China's latest interest rate cut -- the fifth since November -- is not enough to reverse slowing growth in the world's second-largest economy, analysts say, urging authorities to embrace lower taxes and other more aggressive measures.
Increasing anxiety about weakness in China's economy, which is undergoing a difficult transition, has sent domestic and global financial markets into a tailspin and raised questions about the grip its Communist Party rulers have on policy.
China accounts for more than 13 percent of worldwide gross domestic product (GDP) and is the planet's biggest trader in goods, making the health of its economy key to global growth.
After the benchmark Shanghai stock index slid 22 percent over four days the People's Bank of China on Tuesday cut lending and deposit rates by 0.25 percentage points each, and banks' minimum reserve levels by 0.50 percentage points.
That took its lending rate to a record low 4.60 percent, which should make it easier for individuals, companies and local governments to borrow -- essential as China tries to wean its economy off exports and investment and move towards a consumer-driven model.
But four previous cuts since November have failed to add any sparkle and analysts said the impact of the latest adjustments would be limited without structural changes to accompany them.
China's state-controlled banks -- the vast majority of the official banking system -- prefer to lend to state-owned companies, denying access to funds for private firms, which are a more effective driver of growth.
The central bank needs to "make sure the money can go to the real economy", ANZ economist Liu Li-Gang told AFP.
ANZ said reforms to the bond market were also needed to ensure firms and authorities can issue debt more easily, giving them an alternative source of borrowing.
Economists at China International Capital Corporation said reducing taxes, especially for the corporate sector, could be a more efficient way to boost the economy and profitability by freeing up funds for productive investment.
Chinese infrastructure spending has primarily benefited state-owned companies where some of it has been squandered.
- 'Down the drain' -
The ruling Communist Party needs to ensure continued growth to create a steady flow of jobs and raise living standards in the world's most populous nation, a key element of its claim to legitimacy.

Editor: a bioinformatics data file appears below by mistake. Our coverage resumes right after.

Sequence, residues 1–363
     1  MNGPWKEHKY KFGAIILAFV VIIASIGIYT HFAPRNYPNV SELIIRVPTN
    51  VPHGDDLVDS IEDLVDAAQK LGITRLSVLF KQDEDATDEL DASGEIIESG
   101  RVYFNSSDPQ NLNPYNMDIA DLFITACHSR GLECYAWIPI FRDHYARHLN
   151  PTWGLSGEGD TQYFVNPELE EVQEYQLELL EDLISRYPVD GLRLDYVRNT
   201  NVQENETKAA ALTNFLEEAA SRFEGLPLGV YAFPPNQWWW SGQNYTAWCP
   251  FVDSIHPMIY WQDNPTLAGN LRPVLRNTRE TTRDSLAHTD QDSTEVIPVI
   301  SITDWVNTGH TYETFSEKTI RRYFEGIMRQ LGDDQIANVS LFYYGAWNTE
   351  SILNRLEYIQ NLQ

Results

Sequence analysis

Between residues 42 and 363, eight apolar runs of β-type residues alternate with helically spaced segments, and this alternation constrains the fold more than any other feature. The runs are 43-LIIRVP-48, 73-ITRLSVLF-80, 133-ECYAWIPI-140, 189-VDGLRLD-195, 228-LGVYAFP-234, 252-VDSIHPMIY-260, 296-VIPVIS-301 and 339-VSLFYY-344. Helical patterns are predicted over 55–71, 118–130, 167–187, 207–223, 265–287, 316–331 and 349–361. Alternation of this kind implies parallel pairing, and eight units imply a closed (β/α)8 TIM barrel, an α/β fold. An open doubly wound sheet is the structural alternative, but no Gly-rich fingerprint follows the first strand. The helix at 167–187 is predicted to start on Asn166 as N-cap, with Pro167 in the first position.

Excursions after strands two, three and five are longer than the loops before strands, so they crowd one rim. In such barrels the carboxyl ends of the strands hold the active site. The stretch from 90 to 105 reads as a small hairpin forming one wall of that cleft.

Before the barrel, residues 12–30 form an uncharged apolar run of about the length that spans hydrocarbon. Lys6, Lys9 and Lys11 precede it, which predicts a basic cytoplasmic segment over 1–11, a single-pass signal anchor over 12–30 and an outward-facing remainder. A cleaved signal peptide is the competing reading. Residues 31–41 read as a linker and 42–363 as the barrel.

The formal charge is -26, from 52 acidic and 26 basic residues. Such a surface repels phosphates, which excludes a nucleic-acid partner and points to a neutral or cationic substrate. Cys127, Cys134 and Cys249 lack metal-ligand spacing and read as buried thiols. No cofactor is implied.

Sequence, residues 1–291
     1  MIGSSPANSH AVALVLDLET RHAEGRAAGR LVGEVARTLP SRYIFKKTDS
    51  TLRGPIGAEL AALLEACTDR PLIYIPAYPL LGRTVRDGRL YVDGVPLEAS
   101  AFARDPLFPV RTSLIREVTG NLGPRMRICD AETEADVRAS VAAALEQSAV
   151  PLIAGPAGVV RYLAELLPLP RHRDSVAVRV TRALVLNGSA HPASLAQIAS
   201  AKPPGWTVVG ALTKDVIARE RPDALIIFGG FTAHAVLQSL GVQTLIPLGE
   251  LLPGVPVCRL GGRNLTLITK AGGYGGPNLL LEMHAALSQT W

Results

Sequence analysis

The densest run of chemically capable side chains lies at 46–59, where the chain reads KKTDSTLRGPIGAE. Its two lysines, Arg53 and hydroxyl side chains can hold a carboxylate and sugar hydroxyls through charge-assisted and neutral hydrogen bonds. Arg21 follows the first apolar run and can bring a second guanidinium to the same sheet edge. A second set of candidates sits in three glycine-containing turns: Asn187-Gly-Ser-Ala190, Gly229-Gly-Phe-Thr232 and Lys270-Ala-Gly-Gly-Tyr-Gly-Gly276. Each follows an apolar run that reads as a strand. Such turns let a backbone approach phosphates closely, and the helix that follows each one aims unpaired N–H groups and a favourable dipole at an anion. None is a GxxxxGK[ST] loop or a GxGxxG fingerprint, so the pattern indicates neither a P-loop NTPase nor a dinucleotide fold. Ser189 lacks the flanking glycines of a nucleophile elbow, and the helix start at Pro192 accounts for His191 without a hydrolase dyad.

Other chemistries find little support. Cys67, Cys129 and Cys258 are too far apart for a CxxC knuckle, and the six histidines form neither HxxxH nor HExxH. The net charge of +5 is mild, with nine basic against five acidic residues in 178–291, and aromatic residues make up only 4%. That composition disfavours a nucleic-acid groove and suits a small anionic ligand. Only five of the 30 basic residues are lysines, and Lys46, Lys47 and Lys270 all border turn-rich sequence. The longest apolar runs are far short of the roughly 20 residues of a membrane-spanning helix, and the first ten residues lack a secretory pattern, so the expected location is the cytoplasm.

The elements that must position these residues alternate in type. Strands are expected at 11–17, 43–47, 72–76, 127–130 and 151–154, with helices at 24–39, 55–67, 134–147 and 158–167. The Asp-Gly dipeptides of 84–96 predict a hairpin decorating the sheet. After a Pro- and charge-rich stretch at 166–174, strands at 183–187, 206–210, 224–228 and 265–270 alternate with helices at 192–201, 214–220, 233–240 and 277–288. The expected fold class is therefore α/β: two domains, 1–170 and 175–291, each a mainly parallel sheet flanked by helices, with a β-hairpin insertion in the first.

But GDP grew 7.4 percent last year, its worst for nearly a quarter of a century, and slowed further to 7.0 percent in both the first two quarters this year.
Official concerns about economic weakness go back to 2013, with authorities deploying what economists dubbed a "mini stimulus" including tax breaks for small companies, targeted infrastructure outlays and selected cuts to banks' minimum reserve levels.
But from November the pace picked up with more reserve reductions and interest rate cuts -- also designed to reduce high consumer saving rates and free up funds to replace investment as the country's economic driver.
Another target for reform is China's stock market, which has plummeted more than 40 percent since a spectacular debt-fuelled rally peaked in mid-June, with broad government interventions failing to halt the decline.
Analysts point out that its rise -- fuelled by enthusiastic but ill-informed "mom and pop" investors -- was not driven by fundamentals, and that the fall is similarly disconnected.
"The stock market is sliding, but the economy is not," the Global Times tabloid, which has close ties to the communist party, stressed in an editorial, while acknowledging that the falls had "made many people lose heart".
Despite the white-knuckle ride from the popping of the China bubble, which triggered huge losses on global markets, some hope the government's failure to prop up overvalued shares will teach authorities a valuable lesson.
ANZ's Liu described the two trillion yuan ($312 billion) they are estimated to have spent in efforts to support the market as "down the drain".
"If they had used it to support the real economy, China's economy would be much better now, so would the stock market," he told AFP.
- 'What it had to do' -
In theory, China still has ample room to reduce borrowing costs, unlike the major economies of the US, Japan and the eurozone, where rates are at or near zero.
But interest rate cuts put more downward pressure on China's yuan currency, which was devalued in a shock move earlier this month and which authorities have since promised will remain stable.
While that makes Chinese exports cheaper abroad, a potential economic boost, it also makes imports more expensive -- and raises competition worries for other countries' exporters. US officials, for example, have long argued that the yuan is undervalued.
Yao Wei, Paris-based economist at Societe Generale, said in a note that the central bank "did what it had to do", but that the impact of the interest rate and bank reserve cuts would depend on whether authorities continue spending foreign reserves to defend the unit.
China may have used more of its reserves to prop up the currency since the August 11 devaluation than the almost 700 billion yuan of added liquidity expected from the bank reserve cut -- neutralising the impact.
The People's Bank of China should either defend the currency to the hilt or let it float freely, she said.
"The PBoC has to decide its currency strategy first."